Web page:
All this, of course, could be easily solved if iTunes used a tag system, in recognition of the fact that few things in this world fall easily and only into one category at a time. A system that assigns tags, each describing a quality (for example "live", "acoustic", "folk" etc) would be more precise and useful. On Fridays I could simply decide to fill my iPod with songs tagged "happy", and on Mondays songs tagged "moody", "bleak" and "instrumental". And possibly "rain".

(and it may be a symptom of this increasing obesssion with taxonomy, but the new nano is now named Ariel, in accordance with the same naming convention that has my two external hard drives named Titania and PuckOberon being reserved for a MacBook Pro somewhere in my future)

(oh, and though I didn't know it, yesterday was 5 years to the day the original iPod was launched, which lends a nice symmetry to the whole affair. Happy Birthday iPod: I couldn't begin to describe how much I've depended on you these 5 years to shelter me from garrulous cab-drivers, unwanted conversations, and the distracting noises of that thing called the Rest of the World)


Monday, October 23, 2006

Cat Little

tickle cat and cat little, originally uploaded by Wahj.

The story behind this picture:

My wife and I came across these feeding bowls downstairs a few weeks ago. "Tickle Cat" is presumably the mother cat we've seen hanging around, and "Cat Little" must be the kitten. Someone was feeding them, though by the time we saw this, only the kitten could be seen – mottled black, and in many ways resembling our Iffy.

Over the next few days we saw the kitten only, always waiting at the bottom of the staircase, or lounging in one of the shoe racks. One night, we came back and found her mewling piteously, her voice all raspy as if she'd been crying all day. K correctly surmised that she was hungry, and when we brought down a bowl of water, she lapped it almost all up, and then ate half a can of cat food. She must have felt better after that, because she immediately started play-pouncing on us (kittens: irrepressible – one minute after being pulled away from the brink of starvation/dehydration, and they're back to playing).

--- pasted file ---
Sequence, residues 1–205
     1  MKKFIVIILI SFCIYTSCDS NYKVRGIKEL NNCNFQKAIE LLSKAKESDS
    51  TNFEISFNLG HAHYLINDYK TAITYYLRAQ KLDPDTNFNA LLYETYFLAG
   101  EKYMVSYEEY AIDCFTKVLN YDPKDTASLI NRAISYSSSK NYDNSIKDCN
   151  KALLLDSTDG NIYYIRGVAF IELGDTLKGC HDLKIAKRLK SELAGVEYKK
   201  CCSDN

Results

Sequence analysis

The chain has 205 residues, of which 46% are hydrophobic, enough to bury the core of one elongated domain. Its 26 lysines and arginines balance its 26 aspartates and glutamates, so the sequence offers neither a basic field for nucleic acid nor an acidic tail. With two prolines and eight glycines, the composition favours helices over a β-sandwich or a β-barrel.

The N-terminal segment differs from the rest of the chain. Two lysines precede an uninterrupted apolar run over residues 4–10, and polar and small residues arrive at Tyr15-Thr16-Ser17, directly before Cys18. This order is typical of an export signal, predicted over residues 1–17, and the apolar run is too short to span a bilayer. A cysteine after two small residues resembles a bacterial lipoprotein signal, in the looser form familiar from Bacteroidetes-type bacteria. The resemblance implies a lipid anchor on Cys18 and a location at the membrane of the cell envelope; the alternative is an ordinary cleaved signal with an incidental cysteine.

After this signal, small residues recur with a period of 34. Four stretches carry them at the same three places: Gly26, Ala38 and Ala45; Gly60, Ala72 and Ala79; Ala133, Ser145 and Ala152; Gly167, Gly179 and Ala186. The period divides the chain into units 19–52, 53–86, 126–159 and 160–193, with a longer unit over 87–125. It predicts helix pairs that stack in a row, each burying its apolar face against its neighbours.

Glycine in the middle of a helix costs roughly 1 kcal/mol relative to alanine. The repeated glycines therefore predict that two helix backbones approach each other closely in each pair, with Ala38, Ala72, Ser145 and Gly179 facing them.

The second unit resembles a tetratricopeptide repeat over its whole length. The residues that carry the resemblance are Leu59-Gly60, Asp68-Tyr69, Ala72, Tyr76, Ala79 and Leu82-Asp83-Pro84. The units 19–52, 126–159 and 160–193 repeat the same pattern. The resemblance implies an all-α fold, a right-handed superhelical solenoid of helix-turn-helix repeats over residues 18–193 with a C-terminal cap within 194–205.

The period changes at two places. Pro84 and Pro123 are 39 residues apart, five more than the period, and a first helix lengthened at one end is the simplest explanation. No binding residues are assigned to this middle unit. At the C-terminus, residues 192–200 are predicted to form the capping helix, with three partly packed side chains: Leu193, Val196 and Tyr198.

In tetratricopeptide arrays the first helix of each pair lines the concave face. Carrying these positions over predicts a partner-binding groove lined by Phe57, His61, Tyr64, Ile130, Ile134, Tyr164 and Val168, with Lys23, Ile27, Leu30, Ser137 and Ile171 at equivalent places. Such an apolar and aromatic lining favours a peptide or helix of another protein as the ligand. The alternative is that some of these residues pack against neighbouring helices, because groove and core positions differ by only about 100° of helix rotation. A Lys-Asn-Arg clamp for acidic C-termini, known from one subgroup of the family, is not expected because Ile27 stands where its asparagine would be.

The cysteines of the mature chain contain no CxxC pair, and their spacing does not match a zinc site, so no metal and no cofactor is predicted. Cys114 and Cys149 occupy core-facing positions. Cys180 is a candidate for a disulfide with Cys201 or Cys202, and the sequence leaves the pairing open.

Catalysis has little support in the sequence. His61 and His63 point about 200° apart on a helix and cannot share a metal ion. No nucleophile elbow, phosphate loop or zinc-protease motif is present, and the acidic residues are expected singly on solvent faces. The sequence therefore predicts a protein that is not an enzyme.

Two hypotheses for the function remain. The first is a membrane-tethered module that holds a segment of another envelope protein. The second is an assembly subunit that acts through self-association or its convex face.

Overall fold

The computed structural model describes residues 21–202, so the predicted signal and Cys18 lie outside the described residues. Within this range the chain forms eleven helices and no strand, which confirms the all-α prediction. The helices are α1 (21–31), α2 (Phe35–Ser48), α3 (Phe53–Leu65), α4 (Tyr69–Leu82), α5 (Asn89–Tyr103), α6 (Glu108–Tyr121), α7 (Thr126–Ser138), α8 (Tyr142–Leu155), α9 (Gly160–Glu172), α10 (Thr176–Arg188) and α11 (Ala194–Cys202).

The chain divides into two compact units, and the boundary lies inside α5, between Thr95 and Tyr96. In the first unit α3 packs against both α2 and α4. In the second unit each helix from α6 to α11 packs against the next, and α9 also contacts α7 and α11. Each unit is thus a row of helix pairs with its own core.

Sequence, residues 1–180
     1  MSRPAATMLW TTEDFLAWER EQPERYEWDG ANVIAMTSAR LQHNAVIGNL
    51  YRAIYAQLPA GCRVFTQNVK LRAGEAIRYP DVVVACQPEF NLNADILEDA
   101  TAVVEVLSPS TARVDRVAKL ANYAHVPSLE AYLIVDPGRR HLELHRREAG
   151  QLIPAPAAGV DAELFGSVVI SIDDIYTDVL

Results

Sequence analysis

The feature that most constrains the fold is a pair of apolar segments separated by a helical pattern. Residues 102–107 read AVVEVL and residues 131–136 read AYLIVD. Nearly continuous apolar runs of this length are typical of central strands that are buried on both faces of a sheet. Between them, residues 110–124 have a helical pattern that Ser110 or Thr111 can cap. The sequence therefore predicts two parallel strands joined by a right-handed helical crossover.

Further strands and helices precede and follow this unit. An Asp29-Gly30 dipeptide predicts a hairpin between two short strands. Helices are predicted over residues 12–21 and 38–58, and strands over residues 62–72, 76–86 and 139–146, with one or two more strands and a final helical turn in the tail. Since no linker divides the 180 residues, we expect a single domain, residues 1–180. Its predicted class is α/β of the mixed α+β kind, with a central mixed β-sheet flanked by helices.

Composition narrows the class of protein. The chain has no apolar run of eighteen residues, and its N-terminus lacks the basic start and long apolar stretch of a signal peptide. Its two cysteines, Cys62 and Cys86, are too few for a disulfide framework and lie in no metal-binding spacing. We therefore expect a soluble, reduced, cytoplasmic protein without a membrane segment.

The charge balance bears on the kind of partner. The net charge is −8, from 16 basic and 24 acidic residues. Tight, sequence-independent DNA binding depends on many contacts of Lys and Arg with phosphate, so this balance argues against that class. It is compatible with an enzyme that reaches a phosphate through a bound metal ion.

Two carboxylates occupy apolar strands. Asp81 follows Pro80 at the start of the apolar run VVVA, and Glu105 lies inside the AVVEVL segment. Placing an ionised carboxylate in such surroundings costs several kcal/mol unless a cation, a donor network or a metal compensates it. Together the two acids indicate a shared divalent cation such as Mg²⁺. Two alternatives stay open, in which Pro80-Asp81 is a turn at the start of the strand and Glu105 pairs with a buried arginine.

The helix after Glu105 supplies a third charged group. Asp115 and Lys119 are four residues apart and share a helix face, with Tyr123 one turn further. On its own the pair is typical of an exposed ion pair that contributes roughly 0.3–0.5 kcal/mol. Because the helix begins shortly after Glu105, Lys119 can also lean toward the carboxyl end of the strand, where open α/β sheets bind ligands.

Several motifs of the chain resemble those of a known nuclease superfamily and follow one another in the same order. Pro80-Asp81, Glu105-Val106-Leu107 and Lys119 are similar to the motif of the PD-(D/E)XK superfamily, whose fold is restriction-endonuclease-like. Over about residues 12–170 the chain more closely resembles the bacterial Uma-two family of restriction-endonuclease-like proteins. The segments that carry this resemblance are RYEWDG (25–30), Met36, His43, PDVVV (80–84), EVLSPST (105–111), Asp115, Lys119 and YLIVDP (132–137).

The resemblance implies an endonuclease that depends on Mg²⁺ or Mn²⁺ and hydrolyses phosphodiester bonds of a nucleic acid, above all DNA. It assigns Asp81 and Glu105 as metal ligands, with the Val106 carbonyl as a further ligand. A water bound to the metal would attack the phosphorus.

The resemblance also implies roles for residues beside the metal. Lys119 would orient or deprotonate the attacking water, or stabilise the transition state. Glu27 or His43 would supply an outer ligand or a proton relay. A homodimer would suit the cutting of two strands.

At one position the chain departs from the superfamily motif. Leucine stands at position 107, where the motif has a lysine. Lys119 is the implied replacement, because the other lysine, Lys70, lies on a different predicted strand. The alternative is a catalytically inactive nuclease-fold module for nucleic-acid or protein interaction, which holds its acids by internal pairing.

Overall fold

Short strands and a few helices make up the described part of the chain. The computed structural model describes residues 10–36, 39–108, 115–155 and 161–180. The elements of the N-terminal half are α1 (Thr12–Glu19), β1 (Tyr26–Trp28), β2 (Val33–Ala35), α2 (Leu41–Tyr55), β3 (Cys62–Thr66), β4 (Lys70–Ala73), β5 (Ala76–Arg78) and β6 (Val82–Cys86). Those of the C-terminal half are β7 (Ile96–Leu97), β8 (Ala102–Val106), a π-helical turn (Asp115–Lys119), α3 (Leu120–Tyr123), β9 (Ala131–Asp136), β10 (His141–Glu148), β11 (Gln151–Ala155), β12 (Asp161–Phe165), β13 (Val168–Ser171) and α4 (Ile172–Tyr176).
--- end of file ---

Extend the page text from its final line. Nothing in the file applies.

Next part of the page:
The next day, the cleaners came to wash the floors, and we haven't seen her since. That was more than a week ago. We're hoping that some family – perhaps the one that's been feeding them – took her in. Certainly, given the noise and water from the hoses, she would have instinctively ran through one of the open doors for shelter. Still, we don't know for sure. The only consolation, and it is a very minor one, is that at least she had a good meal, a full belly, and was happy the last time we saw her.

Saturday, October 07, 2006

This is just getting ridiculous

My nose has been running non-stop for 2 days. My throat is red from coughing. My eyes are tearing. My dustbin is filling up with wads of tissue paper.

All because of the haze floating over from Sumatra.

Not only is it bad for the health, it's hurting the planet. Deforestation is the second largest contributor to global warming. While we're coughing our lungs out over here, somewhere over there Sumatra is going up in smoke. Rainforest ecosystems a few thousand years old are being burned down in a few days. They won't grow back.

We should just go ahead and paint a giant yellow box* round this country, because breathing in this haze is probably equivalent to smoking a few cigarettes – in fact, these forest fires have made a nation of passive smokers of the lot of us.

I'd write more but I have to go blow my nose again.

(* yellow box: used to indicate smoking areas in army camps. Also where the best conversation can usually be found. And ironically, for the next few weeks at least, possibly where the best quality of air can be found as well. At the very least, it won't be worse than just breathing in this)